largely under humeral influences. This upholds Hasmussen’s
M earlier contention. However, the hypothalamus and pituit­
ary stalk participate in the regulation of anterior pit­
uitary secretion in specific adjustments to certain environ­
mental situations such as temperature v a r iations, which
apparently impose some physiological stress upon the organ­
ism.
2. Thyroid
As early as 1895 M^nus-Levy (cuoted in MacLeod) rec­
ognized that clinical hypothyroidism was characterized by
25.
a lowering of the heat production (BUR)—
in some instances
as much as 4C$. This depression exists during the life of
the individual and is only mitigated by thyroid medication.
Numerous other researches since then have borne thi3 out.
In rats, adaptation to cold climates is accompanied by
evidence of the role of the thyroid in temperature regulation.
After a sojourn in the cold, the Bi'/IR of these animals is
markedly increased (Schwabe et al, *37 and *38.) A similar
observation has been made in fish by Gcherobokov {*57.)
The changes are attributed to the thyroid gland, activity
of which seems to be increased at low temperatures, (Woitkowitsch, f38) and which is more active in winter than in
summer (l3sekutz ot al, f37 and Alwall et al, *37 and *38.)
In evaluating experimental variations, seasonal changes
must, therefore, bo token into account (Mills and Ogle, ’38.)
Sarlior evidence of a seasonal variation in the thyroid
gland of cats was offered by Lowe (*30.) Ruff (T36) likewise
demonstrated a seasonal variation in thyroxin content in these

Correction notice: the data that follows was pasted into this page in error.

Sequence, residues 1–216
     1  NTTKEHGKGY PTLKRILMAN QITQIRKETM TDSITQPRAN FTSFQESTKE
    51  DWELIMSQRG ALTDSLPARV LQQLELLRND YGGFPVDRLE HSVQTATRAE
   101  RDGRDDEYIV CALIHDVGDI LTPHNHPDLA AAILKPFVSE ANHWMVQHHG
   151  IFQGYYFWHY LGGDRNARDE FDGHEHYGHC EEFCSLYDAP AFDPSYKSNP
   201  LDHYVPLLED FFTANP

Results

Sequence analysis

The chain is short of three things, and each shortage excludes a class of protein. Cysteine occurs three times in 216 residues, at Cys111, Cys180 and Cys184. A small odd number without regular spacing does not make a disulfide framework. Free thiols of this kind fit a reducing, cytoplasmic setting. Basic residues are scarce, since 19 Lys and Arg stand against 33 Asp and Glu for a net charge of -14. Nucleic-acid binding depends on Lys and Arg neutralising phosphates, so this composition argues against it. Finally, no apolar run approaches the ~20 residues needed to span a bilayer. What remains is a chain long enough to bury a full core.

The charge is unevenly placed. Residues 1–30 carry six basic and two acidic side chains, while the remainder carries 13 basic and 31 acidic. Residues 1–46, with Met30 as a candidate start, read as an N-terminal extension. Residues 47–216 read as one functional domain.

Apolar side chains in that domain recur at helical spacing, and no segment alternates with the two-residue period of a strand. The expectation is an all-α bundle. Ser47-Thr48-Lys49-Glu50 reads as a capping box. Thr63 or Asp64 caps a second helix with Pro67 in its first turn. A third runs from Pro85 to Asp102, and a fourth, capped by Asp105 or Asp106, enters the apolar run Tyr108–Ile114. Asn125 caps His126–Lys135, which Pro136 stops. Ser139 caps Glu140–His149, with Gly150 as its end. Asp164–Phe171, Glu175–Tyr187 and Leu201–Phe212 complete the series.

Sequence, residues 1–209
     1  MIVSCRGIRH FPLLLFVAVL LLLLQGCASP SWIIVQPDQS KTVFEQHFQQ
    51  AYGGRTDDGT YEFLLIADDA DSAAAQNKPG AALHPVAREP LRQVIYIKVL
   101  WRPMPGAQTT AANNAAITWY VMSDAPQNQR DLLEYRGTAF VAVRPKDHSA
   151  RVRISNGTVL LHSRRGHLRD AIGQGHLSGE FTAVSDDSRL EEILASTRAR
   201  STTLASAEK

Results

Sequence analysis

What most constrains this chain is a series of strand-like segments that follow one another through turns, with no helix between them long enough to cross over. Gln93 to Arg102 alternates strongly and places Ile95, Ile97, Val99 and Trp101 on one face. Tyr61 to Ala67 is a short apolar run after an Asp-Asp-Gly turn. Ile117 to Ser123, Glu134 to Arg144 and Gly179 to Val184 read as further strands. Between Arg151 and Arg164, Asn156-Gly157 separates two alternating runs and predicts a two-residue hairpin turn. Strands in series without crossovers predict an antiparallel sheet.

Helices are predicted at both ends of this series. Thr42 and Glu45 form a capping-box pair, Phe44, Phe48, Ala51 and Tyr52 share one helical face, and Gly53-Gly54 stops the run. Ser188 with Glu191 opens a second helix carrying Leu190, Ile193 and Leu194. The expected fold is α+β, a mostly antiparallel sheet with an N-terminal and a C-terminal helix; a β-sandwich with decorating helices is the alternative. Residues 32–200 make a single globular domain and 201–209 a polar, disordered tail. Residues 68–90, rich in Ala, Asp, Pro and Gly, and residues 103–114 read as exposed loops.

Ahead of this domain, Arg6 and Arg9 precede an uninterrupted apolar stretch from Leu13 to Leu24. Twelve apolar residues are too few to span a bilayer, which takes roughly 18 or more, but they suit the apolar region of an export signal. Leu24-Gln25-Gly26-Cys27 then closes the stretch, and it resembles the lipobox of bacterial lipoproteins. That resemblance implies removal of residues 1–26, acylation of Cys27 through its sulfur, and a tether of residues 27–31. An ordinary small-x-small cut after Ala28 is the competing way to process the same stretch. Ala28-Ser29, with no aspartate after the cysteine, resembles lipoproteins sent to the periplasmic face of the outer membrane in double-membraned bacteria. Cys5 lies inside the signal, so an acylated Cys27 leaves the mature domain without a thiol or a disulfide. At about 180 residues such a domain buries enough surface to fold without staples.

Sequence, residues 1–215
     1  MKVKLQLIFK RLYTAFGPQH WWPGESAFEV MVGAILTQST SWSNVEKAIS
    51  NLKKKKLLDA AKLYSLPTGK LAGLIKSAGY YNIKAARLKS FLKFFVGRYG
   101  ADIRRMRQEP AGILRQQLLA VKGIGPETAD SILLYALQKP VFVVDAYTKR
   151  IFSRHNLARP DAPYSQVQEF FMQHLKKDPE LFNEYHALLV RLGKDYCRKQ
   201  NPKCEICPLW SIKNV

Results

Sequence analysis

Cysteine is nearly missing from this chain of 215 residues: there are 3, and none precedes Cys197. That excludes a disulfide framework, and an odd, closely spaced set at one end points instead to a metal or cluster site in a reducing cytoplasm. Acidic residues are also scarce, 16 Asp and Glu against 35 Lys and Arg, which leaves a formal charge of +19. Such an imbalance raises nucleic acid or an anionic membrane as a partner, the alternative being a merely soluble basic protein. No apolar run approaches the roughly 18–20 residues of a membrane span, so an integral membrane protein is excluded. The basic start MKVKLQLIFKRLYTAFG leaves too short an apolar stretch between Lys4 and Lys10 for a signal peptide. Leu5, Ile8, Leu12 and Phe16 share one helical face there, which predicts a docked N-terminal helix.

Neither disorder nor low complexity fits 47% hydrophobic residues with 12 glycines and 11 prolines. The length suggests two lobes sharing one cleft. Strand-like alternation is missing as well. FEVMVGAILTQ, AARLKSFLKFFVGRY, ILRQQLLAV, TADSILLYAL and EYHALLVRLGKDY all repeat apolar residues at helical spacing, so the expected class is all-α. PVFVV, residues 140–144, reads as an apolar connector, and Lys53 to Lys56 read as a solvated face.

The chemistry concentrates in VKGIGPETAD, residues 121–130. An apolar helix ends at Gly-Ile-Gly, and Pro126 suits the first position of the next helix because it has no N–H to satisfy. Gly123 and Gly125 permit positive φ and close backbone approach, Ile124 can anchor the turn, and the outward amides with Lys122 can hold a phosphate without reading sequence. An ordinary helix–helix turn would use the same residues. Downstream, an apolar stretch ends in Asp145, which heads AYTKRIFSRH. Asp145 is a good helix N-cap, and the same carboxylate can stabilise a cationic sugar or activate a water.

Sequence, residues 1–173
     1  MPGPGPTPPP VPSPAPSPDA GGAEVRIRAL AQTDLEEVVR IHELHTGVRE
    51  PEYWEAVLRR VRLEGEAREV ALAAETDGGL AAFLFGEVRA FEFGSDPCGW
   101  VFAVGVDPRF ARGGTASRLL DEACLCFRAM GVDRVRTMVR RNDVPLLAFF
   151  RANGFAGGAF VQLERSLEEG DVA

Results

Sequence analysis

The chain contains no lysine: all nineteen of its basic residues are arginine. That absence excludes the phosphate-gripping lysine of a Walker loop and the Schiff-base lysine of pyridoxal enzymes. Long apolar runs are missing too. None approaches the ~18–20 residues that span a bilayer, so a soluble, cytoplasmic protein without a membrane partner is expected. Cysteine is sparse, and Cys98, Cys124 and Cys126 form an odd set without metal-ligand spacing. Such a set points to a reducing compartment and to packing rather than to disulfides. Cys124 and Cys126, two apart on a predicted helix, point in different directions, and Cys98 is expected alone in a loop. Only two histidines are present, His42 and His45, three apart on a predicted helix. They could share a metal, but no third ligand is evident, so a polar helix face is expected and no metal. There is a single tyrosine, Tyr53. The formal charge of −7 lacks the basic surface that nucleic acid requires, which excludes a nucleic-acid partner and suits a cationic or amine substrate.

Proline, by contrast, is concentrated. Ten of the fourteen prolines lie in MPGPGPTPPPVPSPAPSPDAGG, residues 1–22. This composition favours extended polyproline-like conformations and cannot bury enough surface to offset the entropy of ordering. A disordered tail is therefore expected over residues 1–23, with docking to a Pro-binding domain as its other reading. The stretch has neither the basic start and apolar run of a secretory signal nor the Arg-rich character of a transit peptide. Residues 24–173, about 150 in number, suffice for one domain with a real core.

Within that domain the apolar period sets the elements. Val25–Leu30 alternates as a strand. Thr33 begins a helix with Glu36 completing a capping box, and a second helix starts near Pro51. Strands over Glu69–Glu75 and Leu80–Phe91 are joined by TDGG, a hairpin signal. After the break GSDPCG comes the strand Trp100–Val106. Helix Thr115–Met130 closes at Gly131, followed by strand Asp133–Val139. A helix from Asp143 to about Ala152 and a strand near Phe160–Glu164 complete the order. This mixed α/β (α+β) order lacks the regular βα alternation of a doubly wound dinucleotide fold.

animals. Thyroid activity in frizzle fowls was also correl­
ated to environmental temperatures by Lrndauer and Davis {'54.)
3. Adrenal
1. Medulla
That the adrenal medulla is concerned in the process of
body heat regulation has already been indicated by the prev­
iously mentioned investigations of Cannon and his co-vjorker3.
Creaer (*28) likewise
entious the importance of the modulli-
adronal secretion in this regard. More recently, Griffith ot al
26.
{*40} have demonstrated that injections of odrenln into
chloralose anesthetized oats caused on increase in oxygen
consumption. Host of tho earlier physiological investigat­
ions in thi3 respect havo stressed the importance of
adrenln, so that it can no longer be questioned that this
hormone plays an important role in the endocrine thermo­
regulatory process.
2. Cortex
It is only within comparatively recent times that tho
function of the adrenal cortex has come to be understood.
Its importance in the salt and water economy of the normal
organism ha3 been indicated by the researches of Swingle {*33*37} end others. Still other vital functions ore attributed